The reason this spate of demolitions is particularly unacceptable is because of the complete absence of a plan about what to do. State Home Minister R. R. Patil was quoted in a newspaper saying, "When we launched the (demolition) drive, we never thought of their rehabilitation. Legally speaking, that is not the responsibility of the government."
The statement underlines the cavalier attitude of the State Government towards the urban poor, the very people whose votes are sought before an election and who are promised security of tenure. While "legally" the Government can claim it is not responsible to resettle those it has displaced, can it really turn its back on them. And what about the hundreds of acres of land ostensibly freed by the demolitions? At last count, over 300 acres have apparently fallen vacant, as slum settlements have been demolished in the northern and north-eastern suburbs of the city. The Government, however, has not announced what it plans to do with these lands. The reason they were encroached upon in the first place was precisely because the Government failed to develop them.
The only policy that can be considered a housing policy of sorts is the Slum Redevelopment Scheme. It has worked indifferently and has nowhere near achieved its target of rehousing 40 lakh slum dwellers. But at the very least it represents an approach towards housing the homeless.
The other so-called plan on the horizon is one devised by the private consulting firm McKinsey for Bombay First, an organisation representing the city's corporate sector. The report "Vision Mumbai: Transforming Mumbai into a world-class city," suggests constructing Special Housing Zones on the salt-pan lands in the north of Mumbai with 300,000 housing units for slum dwellers. They would have to pay between Rs.750 and Rs.1000 a month in addition to regular taxes. There is no plan to ensure that these lands will be made accessible to the livelihood sources of these poor people. Nor have ecological considerations been taken into account. Against the background of the tsunami tragedy, the importance of the Coastal Regulation Zone (CRZ) rules cannot be over-emphasised for in many areas the violation of these rules exacerbated the impact of the killer waves.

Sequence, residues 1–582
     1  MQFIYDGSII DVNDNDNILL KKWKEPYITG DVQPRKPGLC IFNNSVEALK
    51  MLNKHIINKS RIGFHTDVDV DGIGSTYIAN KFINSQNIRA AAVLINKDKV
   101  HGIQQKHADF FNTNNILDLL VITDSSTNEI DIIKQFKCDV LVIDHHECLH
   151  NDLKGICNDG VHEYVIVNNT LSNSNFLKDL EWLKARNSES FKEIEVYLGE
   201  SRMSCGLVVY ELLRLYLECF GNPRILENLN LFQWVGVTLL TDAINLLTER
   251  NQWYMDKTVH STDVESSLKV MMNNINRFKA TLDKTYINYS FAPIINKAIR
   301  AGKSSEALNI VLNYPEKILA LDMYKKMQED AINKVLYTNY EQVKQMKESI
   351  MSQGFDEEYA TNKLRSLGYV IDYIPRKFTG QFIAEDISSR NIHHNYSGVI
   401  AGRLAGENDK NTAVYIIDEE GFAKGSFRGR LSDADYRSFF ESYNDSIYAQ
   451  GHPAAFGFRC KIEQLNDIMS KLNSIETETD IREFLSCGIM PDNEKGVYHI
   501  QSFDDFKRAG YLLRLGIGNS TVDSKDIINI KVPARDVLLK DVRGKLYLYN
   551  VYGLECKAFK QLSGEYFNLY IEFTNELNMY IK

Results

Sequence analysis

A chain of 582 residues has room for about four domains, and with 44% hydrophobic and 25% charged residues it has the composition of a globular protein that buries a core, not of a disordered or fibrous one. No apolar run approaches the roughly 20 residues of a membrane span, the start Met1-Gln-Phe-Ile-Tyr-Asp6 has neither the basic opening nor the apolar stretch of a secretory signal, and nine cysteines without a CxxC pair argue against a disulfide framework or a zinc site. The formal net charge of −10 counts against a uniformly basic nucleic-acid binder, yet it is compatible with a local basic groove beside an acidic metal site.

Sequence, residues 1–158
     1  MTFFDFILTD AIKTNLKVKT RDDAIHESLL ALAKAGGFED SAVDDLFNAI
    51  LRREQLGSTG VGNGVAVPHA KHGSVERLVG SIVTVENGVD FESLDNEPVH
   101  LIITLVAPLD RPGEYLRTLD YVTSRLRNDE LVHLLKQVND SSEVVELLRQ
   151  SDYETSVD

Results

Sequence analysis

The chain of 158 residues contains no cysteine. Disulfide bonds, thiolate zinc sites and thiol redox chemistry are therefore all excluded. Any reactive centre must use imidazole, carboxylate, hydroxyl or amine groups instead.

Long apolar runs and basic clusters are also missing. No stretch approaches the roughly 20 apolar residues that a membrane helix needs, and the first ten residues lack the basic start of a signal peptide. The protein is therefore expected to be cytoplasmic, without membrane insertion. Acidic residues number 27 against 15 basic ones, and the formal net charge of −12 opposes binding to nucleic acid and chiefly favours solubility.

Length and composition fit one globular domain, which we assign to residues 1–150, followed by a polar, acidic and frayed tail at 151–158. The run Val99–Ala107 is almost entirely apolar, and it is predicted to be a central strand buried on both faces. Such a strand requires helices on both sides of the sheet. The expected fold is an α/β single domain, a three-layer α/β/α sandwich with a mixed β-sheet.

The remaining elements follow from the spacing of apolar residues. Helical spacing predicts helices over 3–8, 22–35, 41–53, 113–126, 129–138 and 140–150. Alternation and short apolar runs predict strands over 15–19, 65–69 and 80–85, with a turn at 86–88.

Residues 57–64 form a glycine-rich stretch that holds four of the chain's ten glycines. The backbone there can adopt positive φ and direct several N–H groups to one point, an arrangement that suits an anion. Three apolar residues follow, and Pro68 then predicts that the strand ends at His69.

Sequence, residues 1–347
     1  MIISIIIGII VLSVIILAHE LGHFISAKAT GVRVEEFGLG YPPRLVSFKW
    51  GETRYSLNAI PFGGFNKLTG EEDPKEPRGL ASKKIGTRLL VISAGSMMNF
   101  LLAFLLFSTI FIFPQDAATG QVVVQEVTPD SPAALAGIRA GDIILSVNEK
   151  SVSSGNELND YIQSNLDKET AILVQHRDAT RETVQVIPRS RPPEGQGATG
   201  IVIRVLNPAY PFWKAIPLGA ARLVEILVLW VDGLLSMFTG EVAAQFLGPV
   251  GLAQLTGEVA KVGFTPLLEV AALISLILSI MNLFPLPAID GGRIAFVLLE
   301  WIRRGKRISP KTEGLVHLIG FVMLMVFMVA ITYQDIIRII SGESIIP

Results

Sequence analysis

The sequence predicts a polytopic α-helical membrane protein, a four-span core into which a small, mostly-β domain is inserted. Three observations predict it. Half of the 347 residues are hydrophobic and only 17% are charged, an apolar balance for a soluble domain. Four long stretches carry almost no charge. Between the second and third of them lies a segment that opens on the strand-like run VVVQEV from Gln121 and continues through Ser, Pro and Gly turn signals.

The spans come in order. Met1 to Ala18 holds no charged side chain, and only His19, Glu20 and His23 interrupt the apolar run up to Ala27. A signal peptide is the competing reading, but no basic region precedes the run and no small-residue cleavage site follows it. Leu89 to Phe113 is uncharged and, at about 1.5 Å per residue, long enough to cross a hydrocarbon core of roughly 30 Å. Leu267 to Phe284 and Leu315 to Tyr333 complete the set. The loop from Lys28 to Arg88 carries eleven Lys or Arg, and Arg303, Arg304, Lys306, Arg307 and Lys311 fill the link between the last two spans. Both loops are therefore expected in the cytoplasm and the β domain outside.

What we are seeing in Mumbai today is the culmination of decades of mismatch between precept and practice. Instead what we need is a step-by-step approach that places housing at the centre of all urban development policies. Changes are needed in antiquated laws that have stifled the growth of affordable rental housing. Vast lands in the heart of Mumbai's former textile mill area are waiting to be developed in an equitable and just manner. They would be ideal for low-cost rental housing. Instead, they are becoming home to shopping malls and high-end housing.